Reassessing government role in IG: How to embrace Leviathan

29 Nov 2022 13:15h - 14:15h

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Event report

The current global geopolitical landscape, in addition to the COVID-19 pandemic, has renewed interest in what the role of governments in internet governance should be. 

Indeed, the so-called ’return’ of states has become an important feature of recent debates on global internet governance. As digital technologies continue to be increasingly intertwined with our lives, many governments appear ready to play a more active and crucial role in defining and imposing new rules and limits in the digital sphere. 

While some argue that the role of governments should primarily be to create an enabling environment for internet development and to promote and respect human rights, others call for a more all-encompassing approach in view to curb the power of foreign technology corporations and strengthen their digital sovereignty. 

When assessing what the role of governments should be, finding the right balance appears crucial to avoid government overreach and the amplification of emerging threats. In particular, governments should leave to the private sector certain forms of global governance that require global compatibility of the internet, or this would inevitably lead to further internet fragmentation.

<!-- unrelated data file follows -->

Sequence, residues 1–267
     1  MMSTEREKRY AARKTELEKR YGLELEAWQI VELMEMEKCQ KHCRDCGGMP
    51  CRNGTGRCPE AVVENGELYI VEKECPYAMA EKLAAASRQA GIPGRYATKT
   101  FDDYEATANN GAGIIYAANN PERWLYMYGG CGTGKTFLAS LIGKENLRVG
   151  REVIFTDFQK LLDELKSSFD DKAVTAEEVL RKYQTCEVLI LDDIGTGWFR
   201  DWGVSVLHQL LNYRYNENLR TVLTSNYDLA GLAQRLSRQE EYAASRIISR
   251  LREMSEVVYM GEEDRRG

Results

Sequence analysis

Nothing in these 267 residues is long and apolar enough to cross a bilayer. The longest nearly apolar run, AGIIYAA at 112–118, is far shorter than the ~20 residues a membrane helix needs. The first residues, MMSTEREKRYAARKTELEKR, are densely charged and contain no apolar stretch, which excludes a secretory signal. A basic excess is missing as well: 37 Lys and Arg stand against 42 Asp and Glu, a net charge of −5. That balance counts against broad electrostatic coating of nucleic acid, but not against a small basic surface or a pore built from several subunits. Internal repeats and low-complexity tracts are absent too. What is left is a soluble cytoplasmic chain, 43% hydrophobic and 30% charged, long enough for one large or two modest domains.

As governments’ sovereignties are territorially bound, while the internet is not, global digital cooperation is needed. The USA, China, Europe, and India play the most critical role in this respect, due to the size of their populations and their markets. Despite the need for more cooperation, the spirit of collaborative internet governance is currently disappearing and is gradually replaced by polarisation and disagreements between states. Discourses opposing like-minded countries against non-like-minded countries should be avoided, as they fragment how we are talking about internet governance between north and south, west and east. 

Also, the role of governments should vary depending on the subject matter (DNS, cybersecurity, or digital trade). Internet governance can refer to a wide range of subjects. There is a need to first look at the issue at stake to then build the governance model and define the respective roles of each stakeholder. What is thus needed is more policy innovations in internet governance.

This highlights the fact that existing systems, designed to mediate the participation of governments in internet governance such as WSIS, remain insufficient. The UN Global Digital Compact seems like a valuable avenue to address what should be the role of governments. Yet, there is a need to make sure that these discussions remain multistakeholder and not only consist of mere consultations of civil society actors. Improvements could include following the format of the NetMundial in São Paulo, in which the drafting process was in the hands of so-called multistakeholder drafting teams, in conjunction with an intergovernmental committee.

By Clement Perarnaud


The session in keywords

IGF 2022 WS 66 Reassessing Government Role in IG How to embrace Leviathan